Soejima Taneomi

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  • Born: 1828/9/9
  • Died: 1905/1/31
  • Japanese: 副島種臣 (Soejima Taneomi)

Soejima Taneomi was a prominent figure in the early Meiji oligarchy, including serving as Foreign Minister during some of the key foreign affairs matters of the early 1870s.

Soejima was born and raised in Saga han. His father was a kokugaku scholar and retainer to the lords of the domain. He attended the Chienkan domain school, and later studied under Guido Verbeck.

Following the Meiji Restoration, Soejima became a government official, helping to draft the Seitaisho ("Document on Form of Government"), one of the central governing documents of the new government, in 1868 alongside Fukuoka Takachika. He rose quickly to become Foreign Minister in 1871, the same year that a number of Miyako Islanders were killed by Taiwanese aborigines, in an incident which would quickly develop into serious tensions with the Chinese government.

The following year, in 1872, a Peruvian ship called the Maria Luz made harbor at Yokohama, sparking a diplomatic incident when Chinese coolies on board claimed they were being mistreated and requested aid from the Japanese government.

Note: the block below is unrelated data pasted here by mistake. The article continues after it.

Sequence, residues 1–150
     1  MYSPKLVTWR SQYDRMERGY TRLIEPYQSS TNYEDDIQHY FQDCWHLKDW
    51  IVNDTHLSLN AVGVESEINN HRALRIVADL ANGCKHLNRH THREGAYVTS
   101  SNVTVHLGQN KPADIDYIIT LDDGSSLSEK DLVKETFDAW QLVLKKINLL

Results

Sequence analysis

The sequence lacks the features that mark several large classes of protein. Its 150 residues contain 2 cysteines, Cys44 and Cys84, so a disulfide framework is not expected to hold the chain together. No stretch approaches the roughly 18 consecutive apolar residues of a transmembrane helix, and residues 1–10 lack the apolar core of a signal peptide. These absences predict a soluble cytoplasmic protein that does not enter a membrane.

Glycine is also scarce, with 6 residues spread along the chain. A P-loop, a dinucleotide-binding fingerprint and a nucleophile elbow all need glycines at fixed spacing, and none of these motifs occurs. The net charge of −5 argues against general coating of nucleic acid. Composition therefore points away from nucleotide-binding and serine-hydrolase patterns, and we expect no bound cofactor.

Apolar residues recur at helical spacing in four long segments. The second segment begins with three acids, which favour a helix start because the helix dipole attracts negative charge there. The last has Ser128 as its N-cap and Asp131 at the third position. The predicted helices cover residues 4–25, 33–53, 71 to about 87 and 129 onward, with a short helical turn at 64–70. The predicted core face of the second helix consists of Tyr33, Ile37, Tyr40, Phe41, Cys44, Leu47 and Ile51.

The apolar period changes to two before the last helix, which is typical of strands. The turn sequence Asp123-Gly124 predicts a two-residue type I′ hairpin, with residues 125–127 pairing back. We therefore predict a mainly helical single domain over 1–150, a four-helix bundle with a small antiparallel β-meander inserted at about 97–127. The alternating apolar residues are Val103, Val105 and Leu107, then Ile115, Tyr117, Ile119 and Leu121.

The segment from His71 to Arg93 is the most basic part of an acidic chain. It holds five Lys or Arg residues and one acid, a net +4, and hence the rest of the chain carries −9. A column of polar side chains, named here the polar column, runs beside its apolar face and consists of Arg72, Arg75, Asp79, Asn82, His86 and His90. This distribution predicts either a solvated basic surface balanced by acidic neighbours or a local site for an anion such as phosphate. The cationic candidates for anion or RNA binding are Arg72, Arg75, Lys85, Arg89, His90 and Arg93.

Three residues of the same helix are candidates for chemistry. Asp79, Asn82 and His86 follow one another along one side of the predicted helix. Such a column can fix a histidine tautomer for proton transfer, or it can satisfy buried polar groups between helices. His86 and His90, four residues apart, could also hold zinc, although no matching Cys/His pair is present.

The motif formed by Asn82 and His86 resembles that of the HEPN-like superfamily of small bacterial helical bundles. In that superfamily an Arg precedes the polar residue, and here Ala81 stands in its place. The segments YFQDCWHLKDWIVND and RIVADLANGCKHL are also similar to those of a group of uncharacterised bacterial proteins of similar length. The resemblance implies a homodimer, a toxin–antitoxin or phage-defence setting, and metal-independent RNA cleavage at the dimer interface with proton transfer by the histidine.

In 1873, Soejima joined Japanese Diplomatic Minister in China Yanagihara Sakimitsu in meeting with Chinese officials in Beijing to discuss the 1871 Taiwan incident. The Chinese asserted that they did not exercise effective control over those regions of Taiwan and thus could not be held responsible for the actions of the aborigines (and thus could not be expected to pay reparations). Soejima had already been advised by Charles DeLong, US Diplomatic Minister resident in Japan, that under Western ("modern") systems of international law, this constituted a disavowal of sovereignty, meaning that the relevant portions of Taiwan were now legally up for grabs. Amidst this situation, Soejima suggested that if China claimed no responsibility for the aborigines, then surely they wouldn't mind the Japanese dispatching a punitive mission; the Chinese countered, however, that the Ryukyuans killed were Qing vassals and not Japanese Imperial subjects. Ultimately, in accordance with Soejima's hawkish desires, a punitive missions would be launched, in 1874.

However, in the meantime, Soejima stood alongside Saigô Takamori, Etô Shinpei and others in 1873 in advocating for an invasion of Korea, and for deploying troops to defend Sakhalin against Russian advances. After the majority of oligarchs ultimately rejected both of these ideas, Soejima joined Saigô, Etô, and others in resigning from government. The following year he helped establish a political party called the Public Patriots' Party (Aikoku kôtô), and along with Itagaki Taisuke and Gotô Shôjirô, submitted a Petition for the Establishment of a Popularly Elected Assembly to the Meiji government.

Soejima later returned to public service, serving as a councilor within the Imperial Court, and as a member and then Vice Chairman of the Privy Council,[1] as well as in the position of Home Minister under Prime Minister Matsukata Masayoshi.

Soejima died on January 31, 1905.


  • "Soejima Taneomi," Kindai Nihonjin no shôzô, National Diet Library, 2013.
  1. Takashi Fujitani, Splendid Monarchy, UC Press (1998), 63-65.